I was feeling a little blue, having been fired for the first time in my life at age 59. My husband teased me. “Congratulations. Welcome to adulthood.” One of my interior design clients let me go, saying our tastes weren’t a good fit. To be more precise, our personalities weren’t a good fit. I had lost sleep over the project for months as I willfully attempted to shapeshift into a form the client wanted me to be. As good as it was for my health to move on, my ego was bruised.
So, I took some time to slow down, consulting friends and mentors about what there was to learn from the experience, then slumped into a mild melancholy that was occasionally lifted by serendipitous words of encouragement. I couldn’t have imagined that the most potent antidote to my gloom would be a stack of old photos that arrived in the mail.
I saw the name and return address and couldn’t believe that I was hearing from my old friend “Blake,” who lived in the dorm room next to mine at Iowa State in 1971. I hadn’t been in touch with Blake for the better part of 20 years, and hadn’t seen her for 30 when she last visited me in Charleston, South Carolina. She moved to San Diego to teach kindergarten and I moved on with my life—married, relocated to Minneapolis, raised a family, started a business.
I opened the envelope and pulled out the photos that had been taken on one of Blake’s trips to Charleston. Seeing them took the air out of the room. There I was, tan, young (may I repeat…young!), wearing a black cotton summer sundress and sandals, a chic black leather bag with fringed flap thrown over my shoulder (now wishing I still had this bag!) sitting on a bench on Church Street below my 19th-century apartment. But most poignantly, I saw myself in the photos. Even some 30 years later, I saw Alecia, seen in a photo despite the passage of time, and it strengthened me.
I gingerly showed the photos to my husband, who hadn’t known all of my friends from this earlier time. I described who Blake was to me, how I’d made her wedding dress, how funny she was, how she drove with me to Charleston when I moved there, first living on the beach on Sullivan’s Island, and how life felt in that magical place at that magical time, when Charleston was still a sleepy, beautifully shabby town. He listened attentively, holding one particular photo in his hand, my hair bobbed with bangs. I am standing at the entrance to St. Philips Church near a blooming azalea bush. “I think I loved you then, too,” he whispered.
Already feeling buoyed by the visual blast to the past, I got an e-mail from Blake within a day explaining why she had mailed the photos. In the fall of 1971, a group of young women, all from different parts of Iowa, came together in Oak Hall as first-year students at Iowa State University. Though some of us moved on after the first year, others continued to live together through college years and have remained close. When Blake realized we were all turning 60, she thought it reason for a reunion. What better way to pull at our heartstrings than to send out photos of the past?
It worked. After a lengthy phone conversation with Blake, giggling like the college girls we once were, a date was set for the reunion. We would meet in front of Oak Hall before heading to the home of one of our friends. One of the group began working on a playlist of songs from 1971—Michael Jackson, Carole King, James Taylor. I dug through old photos for clues about what we were wearing at the time. Now that the ‘70s are the new “vintage,” it should be easy to find a pair of bell-bottoms and cork-soled wedgies for the event, I mused.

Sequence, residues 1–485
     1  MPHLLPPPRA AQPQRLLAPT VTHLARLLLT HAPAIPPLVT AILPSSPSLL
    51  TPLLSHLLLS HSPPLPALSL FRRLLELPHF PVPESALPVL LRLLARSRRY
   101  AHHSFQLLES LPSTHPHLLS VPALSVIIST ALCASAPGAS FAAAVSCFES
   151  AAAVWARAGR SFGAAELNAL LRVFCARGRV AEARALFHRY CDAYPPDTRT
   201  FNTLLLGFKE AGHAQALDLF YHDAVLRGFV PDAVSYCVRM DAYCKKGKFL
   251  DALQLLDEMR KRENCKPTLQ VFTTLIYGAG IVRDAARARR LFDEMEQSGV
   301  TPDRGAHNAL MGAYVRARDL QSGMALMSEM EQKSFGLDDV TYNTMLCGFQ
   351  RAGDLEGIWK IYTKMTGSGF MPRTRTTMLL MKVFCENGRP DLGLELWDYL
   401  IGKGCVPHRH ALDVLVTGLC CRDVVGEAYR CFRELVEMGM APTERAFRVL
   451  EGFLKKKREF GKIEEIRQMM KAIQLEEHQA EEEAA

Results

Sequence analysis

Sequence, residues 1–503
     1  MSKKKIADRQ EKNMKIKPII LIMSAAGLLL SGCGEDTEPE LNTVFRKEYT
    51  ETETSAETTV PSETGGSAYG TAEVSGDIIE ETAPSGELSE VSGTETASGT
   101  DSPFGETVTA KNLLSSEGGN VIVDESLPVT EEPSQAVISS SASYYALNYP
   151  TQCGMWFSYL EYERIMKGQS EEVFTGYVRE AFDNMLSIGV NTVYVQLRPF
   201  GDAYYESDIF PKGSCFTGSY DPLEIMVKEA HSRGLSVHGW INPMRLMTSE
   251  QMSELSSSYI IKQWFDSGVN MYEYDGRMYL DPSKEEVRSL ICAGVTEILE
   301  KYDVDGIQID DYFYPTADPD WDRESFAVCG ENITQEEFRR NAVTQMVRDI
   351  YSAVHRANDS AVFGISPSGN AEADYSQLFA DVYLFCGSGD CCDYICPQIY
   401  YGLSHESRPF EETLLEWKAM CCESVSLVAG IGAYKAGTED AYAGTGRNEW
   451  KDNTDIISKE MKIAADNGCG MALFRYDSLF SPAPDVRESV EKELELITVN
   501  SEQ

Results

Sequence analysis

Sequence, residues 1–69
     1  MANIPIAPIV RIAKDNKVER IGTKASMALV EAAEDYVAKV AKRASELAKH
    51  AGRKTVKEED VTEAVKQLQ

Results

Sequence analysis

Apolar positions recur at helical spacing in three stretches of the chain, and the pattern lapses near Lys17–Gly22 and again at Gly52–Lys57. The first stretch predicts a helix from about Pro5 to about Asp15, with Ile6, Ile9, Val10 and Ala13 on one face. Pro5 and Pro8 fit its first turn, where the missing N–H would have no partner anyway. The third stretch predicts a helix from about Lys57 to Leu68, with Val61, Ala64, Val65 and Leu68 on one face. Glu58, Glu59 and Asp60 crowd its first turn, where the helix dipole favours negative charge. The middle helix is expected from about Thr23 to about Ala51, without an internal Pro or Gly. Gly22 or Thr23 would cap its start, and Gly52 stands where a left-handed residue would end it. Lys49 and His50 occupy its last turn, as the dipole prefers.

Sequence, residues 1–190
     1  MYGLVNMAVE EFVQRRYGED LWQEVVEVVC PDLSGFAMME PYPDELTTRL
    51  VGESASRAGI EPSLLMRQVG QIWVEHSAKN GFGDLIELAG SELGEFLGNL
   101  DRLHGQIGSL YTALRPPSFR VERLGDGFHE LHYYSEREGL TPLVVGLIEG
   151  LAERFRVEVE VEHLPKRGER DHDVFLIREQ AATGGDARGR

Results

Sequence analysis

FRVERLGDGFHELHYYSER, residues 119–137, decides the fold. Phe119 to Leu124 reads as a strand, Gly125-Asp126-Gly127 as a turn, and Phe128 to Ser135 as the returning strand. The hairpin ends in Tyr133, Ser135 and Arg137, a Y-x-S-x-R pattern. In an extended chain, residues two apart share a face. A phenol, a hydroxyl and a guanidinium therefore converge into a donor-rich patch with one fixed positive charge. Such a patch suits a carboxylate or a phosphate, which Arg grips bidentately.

However, convening five people with busy lives turned out to be more of a challenge than first thought. For Blake and me, the reunion morphed into the two of us arranging to meet one morning at a halfway point for both of us. She arrived wearing a sunflower yellow dress with matching sandals and an orange faux lizard bag. When I saw her, this outfit seemed so happily the kindergarten teacher she has been for the past 30 years. We sat eye-to-eye for four hours, just swapping stories of love, family and work nonstop.
My enchantment with life and my work returned, as would be expected. But the most potent medicine was the memory of times past, spoon-fed to me one photo at a time. It allowed me to tell my story. In this age of Facebook and Instagram, where everyone has an image to share but where we remain for barely a moment, actually holding a physical photo in-hand and lingering with it, remembering the scents and scenes of a place, how it felt to be there, with that person, at that time, and then to talk about it and tell a story, seems a mythic act.
Social commentator Bruce Feiler wrote a piece for The New York Times called “The Stories That Bind Us” citing the work of Marshall Duke and Robyn Fivush of Emory University, who discovered that the more we know about our histories, the more resilient we become. When we can see ourselves in the past, when we tell our own story or hear the stories of a parent or grandparent, we are linked to something greater than the silly little problem that exists in the moment. I could see it there in the photos and hear it in the stories Blake and I shared. I was bigger than being fired.
When I think of the tides of change that we both have known, there is still a slender, silken thread that I can trace back to who we were in those photos from long ago and how much more of that we are now.